This week my mind has been super grateful for the team we’ve built. As a small business owner or a startup founder, the journey of going from a solo-entrepreneur to hiring your first employee, and then the rest of your core team is one of the hardest, and most rewarding part of it all. However, I’ve made my share of mistakes, not knowing what to expect from my employees and have evolved into a performance & skill based assessment as I look to hire for every key role. In my decade-long tenure as a product leader at large companies to now hiring for multiple key roles in my own company, I have identified 5 important traits to look for when hiring your early employees.
1. Hunger to learn - If you’re looking to join a company to execute on your existing skills, and don’t necessarily demonstrate an intrinsic hunger to take on difficult challenges - be that technical, marketing, business development or something completely different from your core skillset, you’re likely not the right fit. Its super important for both the employee and employer to find multiple creative ways to assess this.
For example, when we hire engineers into our company - we’re of course assessing them on their technical foundation, but a startup is a chaotic environment with a lot of unknowns. We do this by not only asking the candidate to do a take-home assignment where they can apply their creative thinking to solve a not-so-simple problem, but also ask them to give us 2-3 examples of incidents, projects or actions they’ve taken in the past to hack a system or solve a problem in an unconventional way. From determining which technology stack needs to be developed in house - all the way to brainstorming cool growth hacks they can help develop in collaboration with the sales and marketing teams. A lot of times engineers are invited to even join customer calls so they can hear and empathize with our customers' pain points, first hand. Saying yes to new experiences, willingness to solve problems no one successfully has, and coming up with creative and unconventional ways to solve tough problems is the single most important trait I look for in all my key hires.
2. Hunger to Grow - This seems like a no brainer, however growth in a small business with a massive potential is much different from growth at a large company. Growth can be exponential in a startup, but also comes with an opportunity cost - and its crucial to understand what an employee deems as growth. When working for a large company, growth for many employees is measured by title, compensation, a promotion, managing a large team etc. This often comes with predictable hard work and regular check-ins with your manager ensuring you're working toward the next career milestone. In startups, for the right hires, growth can come within months, and sometimes in less than a year of being in a role. Title bumps, salary and equity grants to building and independently leading an entire function in your business - that’s common, for the right hires in the right roles.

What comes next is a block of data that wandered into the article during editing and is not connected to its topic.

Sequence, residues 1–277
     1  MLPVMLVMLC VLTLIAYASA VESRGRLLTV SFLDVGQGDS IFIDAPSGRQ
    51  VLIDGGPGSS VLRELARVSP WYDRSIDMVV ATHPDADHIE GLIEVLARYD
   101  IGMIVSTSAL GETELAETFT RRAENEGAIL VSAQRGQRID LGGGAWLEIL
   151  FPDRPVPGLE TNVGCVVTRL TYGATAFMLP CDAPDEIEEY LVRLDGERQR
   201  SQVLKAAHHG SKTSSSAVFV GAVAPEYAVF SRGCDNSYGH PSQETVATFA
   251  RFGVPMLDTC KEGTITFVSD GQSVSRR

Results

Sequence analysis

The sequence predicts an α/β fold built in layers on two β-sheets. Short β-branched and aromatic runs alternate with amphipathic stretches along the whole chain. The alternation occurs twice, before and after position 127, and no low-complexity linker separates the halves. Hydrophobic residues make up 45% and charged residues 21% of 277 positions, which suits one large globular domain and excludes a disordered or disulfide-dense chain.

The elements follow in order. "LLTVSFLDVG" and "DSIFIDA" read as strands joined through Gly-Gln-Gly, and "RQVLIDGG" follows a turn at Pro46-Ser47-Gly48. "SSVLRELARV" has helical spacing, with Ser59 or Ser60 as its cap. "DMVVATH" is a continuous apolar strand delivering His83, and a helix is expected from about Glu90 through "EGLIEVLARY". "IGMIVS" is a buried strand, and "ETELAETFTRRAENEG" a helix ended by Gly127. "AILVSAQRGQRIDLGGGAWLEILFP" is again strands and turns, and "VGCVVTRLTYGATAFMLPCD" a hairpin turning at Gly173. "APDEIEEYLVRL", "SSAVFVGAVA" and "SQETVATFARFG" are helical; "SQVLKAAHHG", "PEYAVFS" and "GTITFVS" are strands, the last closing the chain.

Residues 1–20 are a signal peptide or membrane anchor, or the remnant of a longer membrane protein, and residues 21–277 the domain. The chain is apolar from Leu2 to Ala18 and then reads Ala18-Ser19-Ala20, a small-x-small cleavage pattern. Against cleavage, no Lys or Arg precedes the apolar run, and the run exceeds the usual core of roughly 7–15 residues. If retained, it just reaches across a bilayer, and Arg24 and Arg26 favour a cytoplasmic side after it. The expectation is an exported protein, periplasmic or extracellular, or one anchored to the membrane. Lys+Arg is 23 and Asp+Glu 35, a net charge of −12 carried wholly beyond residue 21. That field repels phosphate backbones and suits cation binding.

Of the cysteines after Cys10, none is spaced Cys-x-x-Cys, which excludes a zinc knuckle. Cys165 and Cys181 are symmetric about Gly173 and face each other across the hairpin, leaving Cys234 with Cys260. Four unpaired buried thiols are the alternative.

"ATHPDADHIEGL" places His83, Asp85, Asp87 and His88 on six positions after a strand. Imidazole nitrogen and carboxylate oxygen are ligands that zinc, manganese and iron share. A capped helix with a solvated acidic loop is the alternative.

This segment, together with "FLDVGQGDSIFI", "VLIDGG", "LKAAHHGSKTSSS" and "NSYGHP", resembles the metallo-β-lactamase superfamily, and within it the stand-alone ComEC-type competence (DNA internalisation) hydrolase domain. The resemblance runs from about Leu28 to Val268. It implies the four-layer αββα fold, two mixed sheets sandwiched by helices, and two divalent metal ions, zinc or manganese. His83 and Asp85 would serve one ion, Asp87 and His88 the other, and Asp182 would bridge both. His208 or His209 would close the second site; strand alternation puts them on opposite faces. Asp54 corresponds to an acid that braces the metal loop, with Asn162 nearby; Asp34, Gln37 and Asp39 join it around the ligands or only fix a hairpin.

Assessing the right fit is often demonstrated by what they’ve done in the past and/or currently doing. I don’t personally put a lot of weight on the answers someone gives at an interview - so I don’t care to ask typical behavioral questions. I like to throw a general statement at an employee, talk about some options I’ve heard from other hires and let the candidate convince me - through words, actions, research and effort. We’ve had some very senior members in our organization show me how they’ve (not once, but multiple times) built products and teams from scratch, while some others have taken the problem Criya is solving and in 24 hours developed some of the most impressive solutions, presentations, competitive analysis and pitches I’ve ever seen. The right candidates will take it to the next level. You’ll see it in their body language, output and energy.